In-house appraisals could reduce risk

by Diana Aqra17 Jul 2013

Tighter regulatory restrictions on appraisals could become less burdensome if companies bring the process in-house, according to a mortgage technology and service provider.

Increased regulations making the lender more liable for appraisal processes has pushed more originators to bring appraisal management back in-house, said Lindsey Reinders, a regional sales manager for SharperLending , LLC.  One of the main requirements is to ensure appraisal independence.

McLean Mortgage of Farifax, Virginia recently announced they would be using SharperLending’s “appraisal firewall” technology to make sure they follow new appraisal codes of conduct. At the same time, they hope to increase efficiency and reduce costs.

"We wanted to maintain control over our branches and their appraisal ordering process,” as well as “comply with all appraisal regulations,” Nathan Burch, McLean Mortgage’s president and founder said in a press release.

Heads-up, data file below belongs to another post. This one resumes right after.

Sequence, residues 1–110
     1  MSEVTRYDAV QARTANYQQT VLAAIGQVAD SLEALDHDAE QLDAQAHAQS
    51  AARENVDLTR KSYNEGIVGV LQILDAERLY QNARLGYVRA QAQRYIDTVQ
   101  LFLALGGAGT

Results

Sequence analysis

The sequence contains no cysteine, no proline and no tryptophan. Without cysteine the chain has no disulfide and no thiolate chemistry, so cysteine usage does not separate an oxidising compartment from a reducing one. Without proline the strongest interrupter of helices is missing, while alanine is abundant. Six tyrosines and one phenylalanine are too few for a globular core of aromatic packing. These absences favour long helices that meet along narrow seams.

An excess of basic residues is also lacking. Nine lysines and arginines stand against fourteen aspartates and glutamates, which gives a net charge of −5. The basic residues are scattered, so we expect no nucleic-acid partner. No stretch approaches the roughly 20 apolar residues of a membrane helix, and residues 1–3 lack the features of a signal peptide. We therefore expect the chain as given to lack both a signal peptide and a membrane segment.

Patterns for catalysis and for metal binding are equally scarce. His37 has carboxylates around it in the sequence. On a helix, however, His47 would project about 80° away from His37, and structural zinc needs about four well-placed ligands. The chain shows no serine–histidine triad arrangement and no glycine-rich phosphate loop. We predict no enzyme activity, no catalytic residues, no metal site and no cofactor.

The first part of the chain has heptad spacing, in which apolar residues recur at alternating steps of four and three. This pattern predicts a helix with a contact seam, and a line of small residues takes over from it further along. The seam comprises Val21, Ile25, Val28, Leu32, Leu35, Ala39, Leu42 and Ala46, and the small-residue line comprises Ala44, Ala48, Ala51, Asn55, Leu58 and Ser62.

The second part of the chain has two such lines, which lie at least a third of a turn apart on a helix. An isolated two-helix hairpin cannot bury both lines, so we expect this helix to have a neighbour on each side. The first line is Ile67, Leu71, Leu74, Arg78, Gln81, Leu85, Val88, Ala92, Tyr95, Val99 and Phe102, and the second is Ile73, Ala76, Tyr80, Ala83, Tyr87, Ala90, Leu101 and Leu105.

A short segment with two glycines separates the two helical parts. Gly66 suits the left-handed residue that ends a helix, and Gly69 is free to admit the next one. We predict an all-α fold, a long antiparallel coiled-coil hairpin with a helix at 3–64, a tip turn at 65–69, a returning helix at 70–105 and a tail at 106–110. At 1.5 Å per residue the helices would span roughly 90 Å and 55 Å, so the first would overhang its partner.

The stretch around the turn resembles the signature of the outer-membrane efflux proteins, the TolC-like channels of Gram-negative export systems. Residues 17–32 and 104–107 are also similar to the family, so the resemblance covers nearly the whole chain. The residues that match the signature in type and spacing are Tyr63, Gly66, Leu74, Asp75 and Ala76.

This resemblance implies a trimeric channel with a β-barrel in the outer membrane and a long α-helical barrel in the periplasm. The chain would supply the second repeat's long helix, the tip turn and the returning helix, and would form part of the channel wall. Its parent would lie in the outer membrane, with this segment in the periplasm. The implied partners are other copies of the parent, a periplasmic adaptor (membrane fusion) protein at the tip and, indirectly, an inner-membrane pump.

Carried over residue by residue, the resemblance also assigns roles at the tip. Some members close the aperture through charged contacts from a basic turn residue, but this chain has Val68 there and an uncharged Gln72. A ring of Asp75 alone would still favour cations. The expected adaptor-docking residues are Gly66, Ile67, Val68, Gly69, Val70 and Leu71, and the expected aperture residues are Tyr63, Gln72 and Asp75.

According to Reinders, the firewall helps lenders and appraisers blindly select each other, in order to keep in-line with independent appraiser requirements. The system will automatically and randomly choose from a list of appraisers for loan officers,  documenting the whole process to prove the company did so randomly.

 

COMMENTS

  • by Stan J | 8/12/2013 7:59:00 PM

    The firewall is myth. In house appraisers are company men. Just ask the in house appraisers who is cutting them their paycheck. The customer (borrower) is not benefitting by a truly objective report. Of course, the "regulators" are allowing the banks to commit conflict of interest on a daily basis.

  • by | 8/19/2014 2:37:20 PM

    random is also a myth, there is nothing in the appraiser independence requirements that actually says assignments must be randoM

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